The way of the warrior, the way of the monk, the way of empathy, the way of thinking.

We have just landed in a common space that is perhaps a new way of thinking.

Or perhaps just the desire of a new way of thinking.

A desire is already much.

 

 

Universalia Sunt Crealia

 

Reism is the doctrine that only things exist (from the Latin res, “thing”). In translation studies, realia are particular elements that cannot be translated into another language. A reist theory of aesthetics would be the assumption that an artefact can never be transferred into an emotional understanding, but at best artistic objects would be strange things that differ from everyday realia and therefore generate at best a questioning or a puzzlement. It is nevertheless difficult to see how we can share a common world in a reist universe.

Qualism is the philosophical doctrine that there are subjective mental aesthetic states, called qualia. Qualia introduce a form of perspectivism in the perception of reality. Art objects being more singular and unfamiliar than everyday objects, they would generate ever multiple and diverse qualia, thus introducing a form of relativism in the aesthetic experience. In a qualist universe, it is difficult to see how a form of intersubjective agreement can be reached.

I propose to call crealia the kind of monads that support the aesthetic perception. Can crealia be seen as the dialectic (or better crealectic) concept of monads generated by the sublation of reism and qualism? Objects are in constant flux and cannot be taken as a fixed substantial reality. Affective subjects are a solipsistic construct that should not be thought of as separated and different from the cosmos, a position that would equate to a form of dualist reism.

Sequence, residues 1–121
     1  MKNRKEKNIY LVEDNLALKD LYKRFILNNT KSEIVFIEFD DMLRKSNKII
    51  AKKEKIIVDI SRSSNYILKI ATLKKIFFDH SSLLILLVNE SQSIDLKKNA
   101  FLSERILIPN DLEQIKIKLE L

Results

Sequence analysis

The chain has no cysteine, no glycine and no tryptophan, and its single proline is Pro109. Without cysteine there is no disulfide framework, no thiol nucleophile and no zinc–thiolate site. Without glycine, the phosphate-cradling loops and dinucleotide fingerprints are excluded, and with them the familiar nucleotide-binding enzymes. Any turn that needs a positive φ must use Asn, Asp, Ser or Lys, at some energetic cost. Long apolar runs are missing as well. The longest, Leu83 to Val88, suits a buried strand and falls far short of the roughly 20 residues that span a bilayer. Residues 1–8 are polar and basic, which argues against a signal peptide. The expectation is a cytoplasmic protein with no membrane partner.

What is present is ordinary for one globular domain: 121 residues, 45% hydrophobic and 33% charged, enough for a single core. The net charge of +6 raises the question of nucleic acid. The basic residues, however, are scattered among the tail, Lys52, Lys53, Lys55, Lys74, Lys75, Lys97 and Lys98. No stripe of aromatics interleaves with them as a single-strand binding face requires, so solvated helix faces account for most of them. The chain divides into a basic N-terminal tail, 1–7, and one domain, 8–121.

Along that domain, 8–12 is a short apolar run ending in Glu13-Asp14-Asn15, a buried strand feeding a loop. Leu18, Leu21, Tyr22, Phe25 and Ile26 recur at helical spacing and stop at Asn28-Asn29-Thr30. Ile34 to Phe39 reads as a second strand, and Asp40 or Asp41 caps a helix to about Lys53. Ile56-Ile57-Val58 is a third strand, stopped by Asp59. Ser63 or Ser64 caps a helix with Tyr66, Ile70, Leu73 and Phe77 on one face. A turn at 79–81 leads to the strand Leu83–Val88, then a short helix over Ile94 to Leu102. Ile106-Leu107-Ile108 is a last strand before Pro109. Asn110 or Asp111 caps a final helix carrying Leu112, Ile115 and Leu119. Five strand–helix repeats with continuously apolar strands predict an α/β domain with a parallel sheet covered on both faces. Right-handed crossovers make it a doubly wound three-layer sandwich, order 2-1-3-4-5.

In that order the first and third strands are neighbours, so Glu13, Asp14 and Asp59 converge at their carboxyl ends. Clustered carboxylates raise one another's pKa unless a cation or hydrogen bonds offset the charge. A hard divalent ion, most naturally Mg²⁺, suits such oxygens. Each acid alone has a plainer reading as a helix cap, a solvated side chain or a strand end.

We need to examine how crealia can be compared to what Whitehead calls “actual occasions” as “monadic creatures” that do not change but “become”: “Each monadic creature is a mode of the process of ‘feeling’ the world, of housing the world in one unity of complex feeling, in every way determinate. Such a unit is an ‘actual occasion’; it is the ultimate creature derivative from the creative process.”

We need to examine how the actuality of crealia can be distinguished from the objectivity of realia and from the subjectivity of qualia. Is such actuality to be understood in terms of acts of a “superject”, and how does this understanding incorporate an element of virtuality or potentiality? What is universally actual and how does the Whiteheadian concept of “actual occasions” allow us to understand the artistic, cosmic, and quotidian aesthetic feeling?

 

Feeling the Flowing Present, Becoming the Becoming

Some people ask: why is my capacity to grow so related to the experience of becoming imprisoned in loops of enthusiasm followed by deception? It seems like a rollercoaster or a golden prison of over-confidence and collapse.

Our capacity to grow is conditioned by the very way in which we formulate and verbalise our decisions to change.

For example, if I say that I want to be a better human in a way or another, I am assuming that I want to remain a human, that I am such thing as a 21stcentury human in a given society. We might be so obsessed by our personal change that we don’t think about questioning the very idea of being a human being, a given person in a given society, an individual.